Students, residents, panelists air views on gun control
Students at Shippensburg University and residents of Franklin and Cumberland counties had the opportunity to air their views on gun control and gun violence at a panel discussion Wednesday night in Memorial Auditorium.
Nearly 200 SU students and residents from communities such as Shippensburg, Chambersburg, Mercersburg and Carlisle, heard the views of several panelists including a government official, a political activist, a representative of the media, an expert on Pennsylvania gun laws and a professor of sociology. Also, the discussion was moderated by a constitutional scholar.
“Rights and Restrictions: A Discussion on Gun Control,” was hosted by The Slate, SU’s student-run newspaper. The program was held as an opportunity to educate students and members of the public on the controversial issues.
Panel members discussed topics surrounding the issues of gun rights and gun violence, as well as took questions and heard commentary from audience members.
The panel consisted of Bruce Hockersmith, mayor of Shippensburg; Jim Taylor, co-founder and chairman of America’s PAC; Mick Kelly, supervisor and investigator in the Firearms Division of the Pennsylvania State Police; Samantha Cossick, staff reporter for Chambersburg’s Public Opinion; and Chad Kimmel, associate professor of sociology at SU. The panel was moderated by Steven Lichtman, professor of political science at SU.
Topics pertaining to the issues of gun rights and gun violence included the role of the media, the role of mental illness, the issue of semi-automatic weapons, cultural influences, current laws and the constitutional aspect.
The panel generated a forward-moving conversation, and the different viewpoints gave audience members multiple perspectives on the issues. The atmosphere was civil, even at times of disagreement.
Hockersmith provided his personal opinions that were based on his experiences as mayor, and noted that he is a member of Mayors Against Illegal Guns, but also acknowledged the difficulty of determining what guns to regulate and how.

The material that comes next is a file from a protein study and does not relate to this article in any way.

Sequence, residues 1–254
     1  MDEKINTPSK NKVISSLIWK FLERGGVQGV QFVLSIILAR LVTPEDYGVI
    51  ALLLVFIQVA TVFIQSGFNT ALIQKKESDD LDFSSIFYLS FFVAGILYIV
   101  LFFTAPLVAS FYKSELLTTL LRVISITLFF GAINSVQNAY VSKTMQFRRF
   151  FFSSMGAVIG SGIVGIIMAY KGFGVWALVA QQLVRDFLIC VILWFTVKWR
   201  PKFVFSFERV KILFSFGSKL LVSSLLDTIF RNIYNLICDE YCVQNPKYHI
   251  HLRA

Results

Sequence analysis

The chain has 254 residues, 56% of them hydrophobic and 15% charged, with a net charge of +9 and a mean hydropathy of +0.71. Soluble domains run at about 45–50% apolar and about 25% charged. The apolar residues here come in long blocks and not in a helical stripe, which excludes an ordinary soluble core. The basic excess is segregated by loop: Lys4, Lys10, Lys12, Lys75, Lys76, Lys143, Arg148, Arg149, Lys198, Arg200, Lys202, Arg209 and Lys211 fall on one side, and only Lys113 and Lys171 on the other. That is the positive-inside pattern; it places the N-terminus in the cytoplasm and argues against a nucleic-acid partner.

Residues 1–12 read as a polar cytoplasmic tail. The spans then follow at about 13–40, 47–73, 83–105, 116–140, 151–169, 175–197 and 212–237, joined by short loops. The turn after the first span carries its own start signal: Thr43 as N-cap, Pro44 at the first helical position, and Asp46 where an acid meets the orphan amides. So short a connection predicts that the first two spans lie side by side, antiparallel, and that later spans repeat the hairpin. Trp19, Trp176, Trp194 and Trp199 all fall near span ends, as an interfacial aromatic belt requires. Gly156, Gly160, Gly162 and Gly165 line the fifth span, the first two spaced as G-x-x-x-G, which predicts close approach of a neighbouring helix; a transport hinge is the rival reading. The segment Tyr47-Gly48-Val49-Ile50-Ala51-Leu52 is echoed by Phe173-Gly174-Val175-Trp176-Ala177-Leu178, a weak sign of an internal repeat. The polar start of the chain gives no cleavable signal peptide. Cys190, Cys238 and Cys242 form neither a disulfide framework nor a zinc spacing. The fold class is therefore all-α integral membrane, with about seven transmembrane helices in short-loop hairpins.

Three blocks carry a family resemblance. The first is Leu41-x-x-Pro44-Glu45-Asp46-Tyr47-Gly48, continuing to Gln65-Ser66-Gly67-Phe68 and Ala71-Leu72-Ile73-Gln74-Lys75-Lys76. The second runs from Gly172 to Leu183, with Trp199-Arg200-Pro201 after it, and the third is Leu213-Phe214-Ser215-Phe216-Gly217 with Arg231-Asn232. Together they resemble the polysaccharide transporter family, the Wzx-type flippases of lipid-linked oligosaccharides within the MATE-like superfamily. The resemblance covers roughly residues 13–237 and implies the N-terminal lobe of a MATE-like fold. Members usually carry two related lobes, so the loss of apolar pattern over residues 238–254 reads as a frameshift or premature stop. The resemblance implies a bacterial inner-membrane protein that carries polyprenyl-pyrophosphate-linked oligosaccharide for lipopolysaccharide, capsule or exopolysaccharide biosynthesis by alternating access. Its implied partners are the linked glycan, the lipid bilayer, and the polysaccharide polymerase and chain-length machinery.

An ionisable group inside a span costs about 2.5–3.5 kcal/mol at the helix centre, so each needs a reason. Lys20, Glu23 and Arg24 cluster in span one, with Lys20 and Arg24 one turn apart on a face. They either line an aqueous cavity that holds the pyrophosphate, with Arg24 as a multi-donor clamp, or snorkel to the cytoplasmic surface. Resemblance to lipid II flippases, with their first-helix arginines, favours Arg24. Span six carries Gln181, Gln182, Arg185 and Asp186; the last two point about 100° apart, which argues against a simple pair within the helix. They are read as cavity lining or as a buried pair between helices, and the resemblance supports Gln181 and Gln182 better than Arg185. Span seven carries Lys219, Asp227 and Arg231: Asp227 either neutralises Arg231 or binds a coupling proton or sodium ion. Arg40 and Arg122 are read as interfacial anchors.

“They (other mayors) certainly feel that something reasonable and sensible should be done to ensure that guns don’t get into the hands of the wrong people,” Hockersmith said.
Taylor offered a strong pro-gun stance and cast gun ownership as a protection for citizens against tyranny.
“The founding fathers wanted an armed citizenry,” Taylor said.
Kelly, who works closely with gun laws in Pennsylvania, offered numerous statistics, explained the process of obtaining firearms and explained what kinds of things restrict people from owning firearms.
Cossick talked about media-related issues like the role of news media in acts of mass gun violence. She described covering such cases as a “double-edge sword,” where the media want to report the stories but not glorify criminals.
“More information and more perspectives are better. It leads to better, more well-rounded decisions by leaders,” Cossick said.
Kimmel offered sociological insights on gun issues in the U.S. and explained that individualizing violent cases is misleading, as it is a societal problem.
Lichtman managed to keep the discussion on-track and productive. At one point, when the constitution became a big topic, Lichtman took a moment to examine and explain the uniqueness of the Second Amendment and cases surrounding it.
After the panel’s main discussion, residents and students approached microphones to speak their views on the topic and pose questions to panelists. Most of them came from a pro-gun standpoint and generated applause from much of the rest of the audience.
While the panelists did offer differing viewpoints, they all agreed that it was an important conversation to have, and one that must continue to be had.